We Are UAW



The UAW has historically been at the forefront of innovation and one of the largest, and most diverse and progressive unions in North America.  In recent decades, more than 35,000 Graduate Student Employees and 7,000 Postdoctoral Researchers have joined the UAW throughout the United States.  UAW’s nationwide presence has enabled us to take on issues on the national stage.

Here we are featuring work that our members do to further UW’s research and teaching missions, and our social justice work in the larger community!

“Two workshops were held: a workshop on workers’ rights and Right-to-Work-for-Less by Kelly Coogan-Gehr, Director of the Washington State Labor Education and Research Center, and a workshop on climate change and the effects of the current administration’s policies by Judy Twedt, a UAW Local 412 member and a representative on the M.L. King County Labor Council’s climate caucus.”

“Judy has displayed remarkable creativity and initiative in leading two sustainability efforts on campus: one that engages with labor unions about climate change issues, and one that turns environmental data into widely-heard, artistic sound pieces.”

“Imagine you’re waiting in your car and a poster for a concert from a local band catches your eye. What if you could just tune your car to a radio station and actually listen to that band’s music? Or perhaps you see the poster on the side of a bus stop. What if it could send your smartphone a link for discounted tickets or give you directions to the venue?”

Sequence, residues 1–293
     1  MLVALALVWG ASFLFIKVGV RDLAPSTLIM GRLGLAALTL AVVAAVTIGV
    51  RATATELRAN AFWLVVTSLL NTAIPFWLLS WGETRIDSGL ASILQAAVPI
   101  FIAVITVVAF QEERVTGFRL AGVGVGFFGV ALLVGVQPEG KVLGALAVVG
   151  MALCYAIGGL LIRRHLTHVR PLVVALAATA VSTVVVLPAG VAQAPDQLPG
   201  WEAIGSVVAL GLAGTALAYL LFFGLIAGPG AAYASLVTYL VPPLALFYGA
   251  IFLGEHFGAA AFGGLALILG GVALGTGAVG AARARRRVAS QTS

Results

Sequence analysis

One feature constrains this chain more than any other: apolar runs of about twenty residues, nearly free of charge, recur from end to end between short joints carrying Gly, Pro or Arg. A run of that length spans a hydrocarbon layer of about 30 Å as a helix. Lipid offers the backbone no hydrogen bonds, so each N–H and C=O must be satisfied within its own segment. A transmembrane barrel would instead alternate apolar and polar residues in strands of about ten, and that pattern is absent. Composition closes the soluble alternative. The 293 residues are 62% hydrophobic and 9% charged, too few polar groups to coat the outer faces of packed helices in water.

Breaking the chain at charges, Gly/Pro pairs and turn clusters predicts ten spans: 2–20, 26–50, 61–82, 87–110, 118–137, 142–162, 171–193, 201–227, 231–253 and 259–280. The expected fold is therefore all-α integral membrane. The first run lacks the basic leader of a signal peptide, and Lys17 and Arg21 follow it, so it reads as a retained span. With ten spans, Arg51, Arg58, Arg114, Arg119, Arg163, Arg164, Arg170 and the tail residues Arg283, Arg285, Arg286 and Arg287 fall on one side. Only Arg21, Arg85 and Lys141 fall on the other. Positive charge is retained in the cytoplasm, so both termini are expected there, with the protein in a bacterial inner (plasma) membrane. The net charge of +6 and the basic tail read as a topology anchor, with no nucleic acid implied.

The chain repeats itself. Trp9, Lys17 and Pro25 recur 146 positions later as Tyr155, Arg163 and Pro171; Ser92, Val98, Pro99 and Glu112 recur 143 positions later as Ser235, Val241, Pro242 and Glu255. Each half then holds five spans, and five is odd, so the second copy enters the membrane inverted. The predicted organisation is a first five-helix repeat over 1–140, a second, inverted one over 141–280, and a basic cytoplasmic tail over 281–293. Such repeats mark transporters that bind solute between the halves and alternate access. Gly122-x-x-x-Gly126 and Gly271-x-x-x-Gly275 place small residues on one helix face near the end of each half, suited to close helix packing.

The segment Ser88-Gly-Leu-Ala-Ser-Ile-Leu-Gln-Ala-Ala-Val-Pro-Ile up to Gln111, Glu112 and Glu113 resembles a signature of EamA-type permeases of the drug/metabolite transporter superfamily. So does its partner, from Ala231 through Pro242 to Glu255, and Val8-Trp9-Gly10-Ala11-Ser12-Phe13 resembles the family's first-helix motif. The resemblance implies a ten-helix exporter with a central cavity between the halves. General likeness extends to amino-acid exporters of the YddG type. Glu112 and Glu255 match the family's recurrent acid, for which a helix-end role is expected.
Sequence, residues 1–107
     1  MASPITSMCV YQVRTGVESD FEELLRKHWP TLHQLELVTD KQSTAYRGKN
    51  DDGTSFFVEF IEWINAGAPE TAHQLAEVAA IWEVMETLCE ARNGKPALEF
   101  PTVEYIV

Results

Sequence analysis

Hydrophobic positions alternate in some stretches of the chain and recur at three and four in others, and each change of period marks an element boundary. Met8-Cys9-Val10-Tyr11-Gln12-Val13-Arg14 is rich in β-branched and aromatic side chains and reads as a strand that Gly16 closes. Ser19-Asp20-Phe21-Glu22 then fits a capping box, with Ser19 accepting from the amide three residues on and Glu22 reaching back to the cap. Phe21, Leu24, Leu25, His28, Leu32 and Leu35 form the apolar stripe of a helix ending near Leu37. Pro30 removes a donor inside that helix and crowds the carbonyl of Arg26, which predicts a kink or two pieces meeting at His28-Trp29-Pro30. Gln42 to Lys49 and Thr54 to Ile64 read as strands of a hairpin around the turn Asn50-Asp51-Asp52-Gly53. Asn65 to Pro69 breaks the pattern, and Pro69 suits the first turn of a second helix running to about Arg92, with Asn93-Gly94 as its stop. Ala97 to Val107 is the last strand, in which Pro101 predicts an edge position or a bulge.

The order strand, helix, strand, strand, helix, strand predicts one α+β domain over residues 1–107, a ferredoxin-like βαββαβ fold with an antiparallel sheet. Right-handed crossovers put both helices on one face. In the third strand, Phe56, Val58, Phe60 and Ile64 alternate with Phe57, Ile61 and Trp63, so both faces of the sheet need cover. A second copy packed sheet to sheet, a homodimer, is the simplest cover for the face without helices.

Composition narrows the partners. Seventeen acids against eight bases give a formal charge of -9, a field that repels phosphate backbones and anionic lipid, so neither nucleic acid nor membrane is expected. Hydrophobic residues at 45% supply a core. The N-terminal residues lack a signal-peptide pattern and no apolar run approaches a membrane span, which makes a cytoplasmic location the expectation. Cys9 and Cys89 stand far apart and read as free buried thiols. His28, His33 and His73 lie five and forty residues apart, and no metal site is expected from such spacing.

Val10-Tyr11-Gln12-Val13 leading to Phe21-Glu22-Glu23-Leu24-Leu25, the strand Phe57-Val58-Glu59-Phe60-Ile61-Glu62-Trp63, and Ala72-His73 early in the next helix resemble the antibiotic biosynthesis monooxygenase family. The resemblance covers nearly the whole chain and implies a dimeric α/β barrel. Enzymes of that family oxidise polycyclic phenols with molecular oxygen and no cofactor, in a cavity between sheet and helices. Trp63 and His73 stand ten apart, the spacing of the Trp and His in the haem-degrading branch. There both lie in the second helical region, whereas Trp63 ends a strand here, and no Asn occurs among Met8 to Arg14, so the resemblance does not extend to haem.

“If Arash could make it back to the US before that temporary order was lifted, he could continue his studies, instead of seeing four years of of his life and work wasted.”

“We don’t know what it’s going to be like in six months, in eight months,” Guajardo said. “My hope would be attention to these types of tensions, it’s not something that’s highlighted now [after a tragedy], but something that’s covered as it continues. Our hope is that when we [as a university] see hate, injustice, and hostility, we will continue to point it out.”

“People think of Native Americans and they think ‘an Indian is an Indian’, but in the United States there are hundreds of federally recognized tribes and they’re all different,” Baumann said. “And so for everybody to come together like that and work harmoniously, this is huge. This hasn’t happened anytime in history.”

“As Baumann explains, the [Standing Rock Sioux] camp is a living community.  When you decide to go, you are not simply standing in solidarity, you are actively engaging in the movement by working with everyone.  For the elderly, families, and first baby born in the camp, “water is life.”

“We’re trying to reformulate the relationship between archaeologists and Native communities from one of research on native communities to doing research with, by and for native communities,” he said. “Community-based archaeology is a hot thing to talk about, but not everyone is doing it in a way that we think those words mean.”

“Hallenbeck hopes the regional transit agencies will make quick use of the information, perhaps incorporating it in the next schedule change this fall. Knowing where people get on and off the bus, and where they transfer, also might lead to other improvements — such as new bus shelters in popular locations.”

“At a time when the University’s overall budget is strong, and the administration continues to fund other priorities, including the expansion of administrative pay, it’s unacceptable to consider cutting TAs who perform much of the front-line instructional work of the University.”

“It’s about recognition,” Molly FitzMorris said. “I want to stress that I really, really love my job, but I’m not a teaching assistant and I would like to be recognized appropriately and accurately for the work I am doing.”

“Ninety percent of trans people experience some form of discrimination in their workplace,” Askini said. “Not having a bathroom in a building where you can go and feel safe to do what your body requires you to do … that is a form of discrimination.”